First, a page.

Whereas sampling with different kinds of equipment is normally used to collect information on bottom fauna, a specially designed video rig has allowed the scientists to film 80 kilometres of seabed during their survey off the coast of northern Norway. The seabed in the area is characterised by deep fjords and shelf areas with fishing banks and intersecting channels. Many of the habitats found here are complex and not easily documented with standard sampling gears.
Sunstar (Solaster sp.) at 300 metres depth in the Barents Sea.
A small bubble gum coral (Paragorgia arborea) with various epifauna attached, at 200 metres depth in a fjord.
Better knowledge of the ecosystem
The recent survey was conducted as part of a large-scale mapping programme. Biologists from the Institute of Marine Research, geologists from the Geological Survey of Norway, and cartographers from the Norwegian Hydrographic Service cooperate through the MAREANO programme to provide maps of topography, biodiversity and geological conditions of the seabed in Norwegian waters. Initially focusing on the Barents Sea, the first phase of MAREANO will be carried out from 2005-2010 with a total cost of € 30 million.
The importance of this seabed mapping is emphasised in the Integrated Management Plan for the Barents Sea recently presented by the Norwegian Government. Extensive plans for exploitation of oil and gas reserves in Lofoten and the Barents Sea are being considered, and a sustainable management of the area is highly dependent on improved knowledge of the Arctic ecosystems.
Yvonne Robberstad | alfa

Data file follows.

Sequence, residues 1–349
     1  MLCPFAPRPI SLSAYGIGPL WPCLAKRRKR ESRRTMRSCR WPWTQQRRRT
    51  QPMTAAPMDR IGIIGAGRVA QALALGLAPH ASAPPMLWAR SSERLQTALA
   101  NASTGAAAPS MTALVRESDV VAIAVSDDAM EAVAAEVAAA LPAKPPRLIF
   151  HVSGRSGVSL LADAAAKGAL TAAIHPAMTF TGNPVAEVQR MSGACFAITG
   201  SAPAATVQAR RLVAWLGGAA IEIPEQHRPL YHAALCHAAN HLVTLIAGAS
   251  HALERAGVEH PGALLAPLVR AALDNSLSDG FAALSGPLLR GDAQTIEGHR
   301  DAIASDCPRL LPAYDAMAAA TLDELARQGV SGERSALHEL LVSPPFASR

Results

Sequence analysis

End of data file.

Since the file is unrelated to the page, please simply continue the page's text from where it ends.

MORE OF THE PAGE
How does the loss of species alter ecosystems?
18.05.2017 | Deutsches Zentrum für integrative Biodiversitätsforschung (iDiv) Halle-Jena-Leipzig
Excess diesel emissions bring global health & environmental impacts
16.05.2017 | International Institute for Applied Systems Analysis (IIASA)
Staphylococcus aureus is a feared pathogen (MRSA, multi-resistant S. aureus) due to frequent resistances against many antibiotics, especially in hospital infections. Researchers at the Paul-Ehrlich-Institut have identified immunological processes that prevent a successful immune response directed against the pathogenic agent. The delivery of bacterial proteins with RNA adjuvant or messenger RNA (mRNA) into immune cells allows the re-direction of the immune response towards an active defense against S. aureus. This could be of significant importance for the development of an effective vaccine. PLOS Pathogens has published these research results online on 25 May 2017.
Staphylococcus aureus (S. aureus) is a bacterium that colonizes by far more than half of the skin and the mucosa of adults, usually without causing infections....
Physicists from the University of Würzburg are capable of generating identical looking single light particles at the push of a button. Two new studies now demonstrate the potential this method holds.
The quantum computer has fuelled the imagination of scientists for decades: It is based on fundamentally different phenomena than a conventional computer....
An international team of physicists has monitored the scattering behaviour of electrons in a non-conducting material in real-time. Their insights could be beneficial for radiotherapy.
We can refer to electrons in non-conducting materials as ‘sluggish’. Typically, they remain fixed in a location, deep inside an atomic composite. It is hence...
Two-dimensional magnetic structures are regarded as a promising material for new types of data storage, since the magnetic properties of individual molecular building blocks can be investigated and modified. For the first time, researchers have now produced a wafer-thin ferrimagnet, in which molecules with different magnetic centers arrange themselves on a gold surface to form a checkerboard pattern. Scientists at the Swiss Nanoscience Institute at the University of Basel and the Paul Scherrer Institute published their findings in the journal Nature Communications.
Ferrimagnets are composed of two centers which are magnetized at different strengths and point in opposing directions. Two-dimensional, quasi-flat ferrimagnets...
An Australian-Chinese research team has created the world's thinnest hologram, paving the way towards the integration of 3D holography into everyday...
24.05.2017 | Event News
23.05.2017 | Event News
22.05.2017 | Event News
26.05.2017 | Life Sciences
26.05.2017 | Life Sciences
26.05.2017 | Physics and Astronomy